One gas station, a grocery store that can easily be described as tiny, a post office and a tourist information center that looks not much bigger than a childs playhouse. All of that plus 600 people living in a collection of dilapidated houses, that describes Danforth, Maine. It isn't much to look at and could easily be the target of many cruel jokes about hick towns and every phrase that describes a hick town. Except the fact that there IS a veterans honor roll memorial.
The small memorial area is hosted on the corner of a clapboard sided building that likely was the town hall of Danforth beginning in the early 1900's. That was when the population of the town was more than double of today. The place has been dying since the end of World War II, each census count whittling a bit more from the prospects of a once happy and economically viable village.
The honor roll names the sons and daughters from Danforth that have served since World War I. The village has never been shy about sending its' young men to war. About 225 recited the oath of enlistment during World War II - that was about sixty percent of the eligible draft age men in the 1940 census. Ten brothers and cousins of the Gillis family suited up and nine of the Mailman family served. And it looks like there may have been only one son that did not return, SSgt Sidney E Davis, USAAF.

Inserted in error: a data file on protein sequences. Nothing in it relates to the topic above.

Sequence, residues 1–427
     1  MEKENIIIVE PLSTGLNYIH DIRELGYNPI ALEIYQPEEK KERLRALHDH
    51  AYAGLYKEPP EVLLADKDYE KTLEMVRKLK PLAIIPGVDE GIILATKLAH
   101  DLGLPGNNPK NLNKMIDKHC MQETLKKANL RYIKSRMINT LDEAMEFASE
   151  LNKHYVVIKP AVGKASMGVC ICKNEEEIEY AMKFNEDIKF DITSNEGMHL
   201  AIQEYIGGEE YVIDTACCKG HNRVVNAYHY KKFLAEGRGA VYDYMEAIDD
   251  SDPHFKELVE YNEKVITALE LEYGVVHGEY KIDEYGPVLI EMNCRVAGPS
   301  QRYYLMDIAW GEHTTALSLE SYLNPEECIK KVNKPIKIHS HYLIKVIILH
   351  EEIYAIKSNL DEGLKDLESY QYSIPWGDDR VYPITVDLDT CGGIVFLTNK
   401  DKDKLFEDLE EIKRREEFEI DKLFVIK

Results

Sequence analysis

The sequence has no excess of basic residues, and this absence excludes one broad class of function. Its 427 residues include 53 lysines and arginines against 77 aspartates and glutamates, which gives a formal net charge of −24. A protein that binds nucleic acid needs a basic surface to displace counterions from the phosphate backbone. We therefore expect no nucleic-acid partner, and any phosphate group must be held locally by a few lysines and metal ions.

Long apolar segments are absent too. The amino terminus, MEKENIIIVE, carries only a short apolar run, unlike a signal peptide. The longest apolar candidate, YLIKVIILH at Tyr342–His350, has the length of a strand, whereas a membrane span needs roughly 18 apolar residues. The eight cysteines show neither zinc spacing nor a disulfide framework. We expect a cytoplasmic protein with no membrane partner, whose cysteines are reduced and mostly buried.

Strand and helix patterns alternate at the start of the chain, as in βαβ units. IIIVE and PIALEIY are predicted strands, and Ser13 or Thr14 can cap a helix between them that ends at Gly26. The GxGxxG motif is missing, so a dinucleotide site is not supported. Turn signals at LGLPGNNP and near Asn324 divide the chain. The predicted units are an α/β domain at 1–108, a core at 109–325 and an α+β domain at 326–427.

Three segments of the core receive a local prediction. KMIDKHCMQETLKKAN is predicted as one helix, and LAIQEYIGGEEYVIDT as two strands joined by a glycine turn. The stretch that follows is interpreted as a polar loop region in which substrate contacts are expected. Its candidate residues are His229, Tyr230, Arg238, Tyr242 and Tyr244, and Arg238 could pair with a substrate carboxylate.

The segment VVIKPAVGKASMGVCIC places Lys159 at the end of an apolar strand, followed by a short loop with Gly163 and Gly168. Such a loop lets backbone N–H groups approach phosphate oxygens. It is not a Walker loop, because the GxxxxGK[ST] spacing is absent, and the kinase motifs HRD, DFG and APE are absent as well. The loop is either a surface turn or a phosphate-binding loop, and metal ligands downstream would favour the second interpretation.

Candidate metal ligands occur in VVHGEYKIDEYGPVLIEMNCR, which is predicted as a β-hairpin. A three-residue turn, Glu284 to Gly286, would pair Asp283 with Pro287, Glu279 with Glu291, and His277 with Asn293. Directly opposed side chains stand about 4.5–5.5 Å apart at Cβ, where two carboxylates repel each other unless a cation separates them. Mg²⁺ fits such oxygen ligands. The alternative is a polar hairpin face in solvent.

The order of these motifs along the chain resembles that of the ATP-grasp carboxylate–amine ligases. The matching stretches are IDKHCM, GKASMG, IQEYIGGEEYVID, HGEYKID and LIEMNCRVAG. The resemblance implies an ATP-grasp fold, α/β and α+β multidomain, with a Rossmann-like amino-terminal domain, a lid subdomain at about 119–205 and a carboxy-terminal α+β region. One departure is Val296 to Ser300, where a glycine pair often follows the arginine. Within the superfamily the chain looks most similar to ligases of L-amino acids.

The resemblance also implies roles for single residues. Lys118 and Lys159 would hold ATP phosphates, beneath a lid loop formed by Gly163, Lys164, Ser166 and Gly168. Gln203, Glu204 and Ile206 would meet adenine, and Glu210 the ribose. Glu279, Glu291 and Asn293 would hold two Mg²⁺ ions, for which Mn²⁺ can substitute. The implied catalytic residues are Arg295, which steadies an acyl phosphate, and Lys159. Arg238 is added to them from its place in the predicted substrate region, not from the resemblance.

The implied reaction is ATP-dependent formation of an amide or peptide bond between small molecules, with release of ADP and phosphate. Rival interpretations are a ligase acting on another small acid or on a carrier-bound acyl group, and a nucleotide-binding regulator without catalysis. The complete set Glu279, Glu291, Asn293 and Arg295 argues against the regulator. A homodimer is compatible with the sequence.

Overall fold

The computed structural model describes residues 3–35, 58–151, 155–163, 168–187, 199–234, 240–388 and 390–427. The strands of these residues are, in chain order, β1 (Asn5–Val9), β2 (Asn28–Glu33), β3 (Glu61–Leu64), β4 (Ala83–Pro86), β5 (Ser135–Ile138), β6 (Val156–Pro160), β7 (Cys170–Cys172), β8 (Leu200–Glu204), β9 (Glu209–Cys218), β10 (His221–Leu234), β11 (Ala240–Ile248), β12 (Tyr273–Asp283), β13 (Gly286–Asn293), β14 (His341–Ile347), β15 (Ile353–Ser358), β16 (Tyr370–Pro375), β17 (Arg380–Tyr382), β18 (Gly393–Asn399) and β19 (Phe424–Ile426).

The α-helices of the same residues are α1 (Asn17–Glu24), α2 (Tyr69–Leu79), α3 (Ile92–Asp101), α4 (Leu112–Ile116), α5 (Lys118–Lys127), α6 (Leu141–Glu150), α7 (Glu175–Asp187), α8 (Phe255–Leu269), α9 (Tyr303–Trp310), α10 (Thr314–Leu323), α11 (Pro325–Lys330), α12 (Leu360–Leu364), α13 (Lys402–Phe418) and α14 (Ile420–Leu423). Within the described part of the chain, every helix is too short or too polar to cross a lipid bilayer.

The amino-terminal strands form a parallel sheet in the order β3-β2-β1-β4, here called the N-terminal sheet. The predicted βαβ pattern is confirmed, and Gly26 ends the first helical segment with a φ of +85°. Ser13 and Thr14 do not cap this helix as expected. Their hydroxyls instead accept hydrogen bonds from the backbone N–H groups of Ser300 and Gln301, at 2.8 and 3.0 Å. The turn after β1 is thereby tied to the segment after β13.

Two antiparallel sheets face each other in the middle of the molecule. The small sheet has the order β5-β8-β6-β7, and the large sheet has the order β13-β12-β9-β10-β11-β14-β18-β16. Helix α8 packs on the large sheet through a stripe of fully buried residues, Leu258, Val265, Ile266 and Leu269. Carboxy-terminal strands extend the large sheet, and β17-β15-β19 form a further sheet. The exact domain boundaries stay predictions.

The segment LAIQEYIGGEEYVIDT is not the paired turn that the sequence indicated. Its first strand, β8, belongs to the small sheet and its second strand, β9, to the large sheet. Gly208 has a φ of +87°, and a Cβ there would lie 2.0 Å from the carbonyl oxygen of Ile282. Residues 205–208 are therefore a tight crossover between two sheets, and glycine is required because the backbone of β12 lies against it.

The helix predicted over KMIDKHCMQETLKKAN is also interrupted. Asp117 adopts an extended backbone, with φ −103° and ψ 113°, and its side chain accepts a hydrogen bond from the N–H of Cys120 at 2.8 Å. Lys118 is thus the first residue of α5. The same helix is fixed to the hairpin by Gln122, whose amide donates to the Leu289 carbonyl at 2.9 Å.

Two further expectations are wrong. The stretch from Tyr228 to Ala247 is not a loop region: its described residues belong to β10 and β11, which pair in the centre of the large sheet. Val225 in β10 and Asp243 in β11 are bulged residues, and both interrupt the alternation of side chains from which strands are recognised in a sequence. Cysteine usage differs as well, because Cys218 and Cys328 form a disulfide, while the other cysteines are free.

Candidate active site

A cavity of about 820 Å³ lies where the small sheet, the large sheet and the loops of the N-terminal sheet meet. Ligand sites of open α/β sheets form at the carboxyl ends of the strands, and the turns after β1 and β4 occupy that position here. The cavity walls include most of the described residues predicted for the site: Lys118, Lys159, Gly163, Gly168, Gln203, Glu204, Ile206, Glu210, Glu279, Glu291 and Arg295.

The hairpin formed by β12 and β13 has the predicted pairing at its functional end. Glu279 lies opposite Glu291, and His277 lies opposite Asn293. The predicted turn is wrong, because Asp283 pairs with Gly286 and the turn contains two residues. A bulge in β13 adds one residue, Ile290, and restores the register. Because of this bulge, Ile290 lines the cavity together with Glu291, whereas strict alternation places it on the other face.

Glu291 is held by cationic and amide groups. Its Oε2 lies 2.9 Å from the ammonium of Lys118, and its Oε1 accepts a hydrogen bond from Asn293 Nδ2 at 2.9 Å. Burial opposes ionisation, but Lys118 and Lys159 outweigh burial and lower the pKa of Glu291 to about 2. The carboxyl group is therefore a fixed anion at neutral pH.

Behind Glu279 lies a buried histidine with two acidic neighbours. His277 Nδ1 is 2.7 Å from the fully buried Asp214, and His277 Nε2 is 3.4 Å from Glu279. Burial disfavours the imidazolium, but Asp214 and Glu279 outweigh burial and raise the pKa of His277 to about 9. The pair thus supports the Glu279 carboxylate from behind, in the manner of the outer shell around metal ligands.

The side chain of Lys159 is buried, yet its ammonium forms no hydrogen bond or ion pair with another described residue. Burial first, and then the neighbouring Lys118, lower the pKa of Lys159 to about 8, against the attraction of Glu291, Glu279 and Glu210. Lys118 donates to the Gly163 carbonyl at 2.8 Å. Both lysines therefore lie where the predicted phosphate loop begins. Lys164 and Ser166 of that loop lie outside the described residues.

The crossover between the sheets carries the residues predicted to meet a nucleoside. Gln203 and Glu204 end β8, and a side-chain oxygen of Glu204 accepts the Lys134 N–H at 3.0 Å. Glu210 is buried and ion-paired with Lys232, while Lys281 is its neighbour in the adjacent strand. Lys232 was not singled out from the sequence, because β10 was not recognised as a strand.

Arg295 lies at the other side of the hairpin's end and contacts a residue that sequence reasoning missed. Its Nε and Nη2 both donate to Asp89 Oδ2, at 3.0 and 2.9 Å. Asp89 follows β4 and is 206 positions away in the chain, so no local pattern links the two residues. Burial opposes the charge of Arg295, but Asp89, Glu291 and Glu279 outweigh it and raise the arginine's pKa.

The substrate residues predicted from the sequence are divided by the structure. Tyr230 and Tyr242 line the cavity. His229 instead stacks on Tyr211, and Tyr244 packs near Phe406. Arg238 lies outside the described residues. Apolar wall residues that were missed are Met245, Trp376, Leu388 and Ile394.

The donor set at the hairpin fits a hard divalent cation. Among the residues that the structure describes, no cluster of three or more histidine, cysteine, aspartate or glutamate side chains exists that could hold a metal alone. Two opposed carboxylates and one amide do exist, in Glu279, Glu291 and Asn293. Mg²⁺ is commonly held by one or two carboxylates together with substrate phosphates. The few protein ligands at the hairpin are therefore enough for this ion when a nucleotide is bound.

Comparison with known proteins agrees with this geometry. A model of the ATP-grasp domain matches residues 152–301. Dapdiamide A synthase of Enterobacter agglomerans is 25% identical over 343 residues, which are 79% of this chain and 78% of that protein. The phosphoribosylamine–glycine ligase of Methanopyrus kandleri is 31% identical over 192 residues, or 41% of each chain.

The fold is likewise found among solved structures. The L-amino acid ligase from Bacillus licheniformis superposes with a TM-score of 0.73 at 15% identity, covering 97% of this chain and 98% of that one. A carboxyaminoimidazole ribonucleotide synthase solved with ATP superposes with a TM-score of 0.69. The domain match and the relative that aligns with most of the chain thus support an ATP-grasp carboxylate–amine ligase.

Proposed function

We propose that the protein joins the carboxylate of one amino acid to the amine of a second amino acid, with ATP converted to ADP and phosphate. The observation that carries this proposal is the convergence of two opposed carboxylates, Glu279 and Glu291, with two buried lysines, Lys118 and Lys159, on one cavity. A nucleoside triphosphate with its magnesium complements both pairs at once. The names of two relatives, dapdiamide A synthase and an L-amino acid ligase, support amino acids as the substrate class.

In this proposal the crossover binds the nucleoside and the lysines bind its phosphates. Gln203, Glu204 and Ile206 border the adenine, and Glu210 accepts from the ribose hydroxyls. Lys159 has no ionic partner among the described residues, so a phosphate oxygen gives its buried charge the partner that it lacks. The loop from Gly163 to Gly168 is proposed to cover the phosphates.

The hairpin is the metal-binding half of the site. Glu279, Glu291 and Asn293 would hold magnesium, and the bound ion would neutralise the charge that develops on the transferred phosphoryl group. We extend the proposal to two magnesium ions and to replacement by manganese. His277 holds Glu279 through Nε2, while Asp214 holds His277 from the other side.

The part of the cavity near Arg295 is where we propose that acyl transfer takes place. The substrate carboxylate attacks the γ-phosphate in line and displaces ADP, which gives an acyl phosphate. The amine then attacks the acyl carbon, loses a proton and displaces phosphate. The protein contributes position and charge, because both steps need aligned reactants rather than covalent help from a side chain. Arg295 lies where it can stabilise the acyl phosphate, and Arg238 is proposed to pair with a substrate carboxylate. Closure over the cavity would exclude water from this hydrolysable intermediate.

Davis was flying aboard a B-17 #42-5072 of the 367th Bomb Squadron, 306th Bomb Group. The aircraft was shot down over Belgium on 5 April 1943.
Recently a nearby American Legion post began an effort to raise $25,000 to erect a more permanent maemorial. That taes time and I hope tht are able to accomplish the goal. I have been to many, many, places where the monuments are large, ornate and impressive. This collection of plastic tages mounted to board is certainly not impressive in appearance - it mirrors the town itself. But the sacrifice this honor roll represents is tremendous. This town has invested in America as few others have.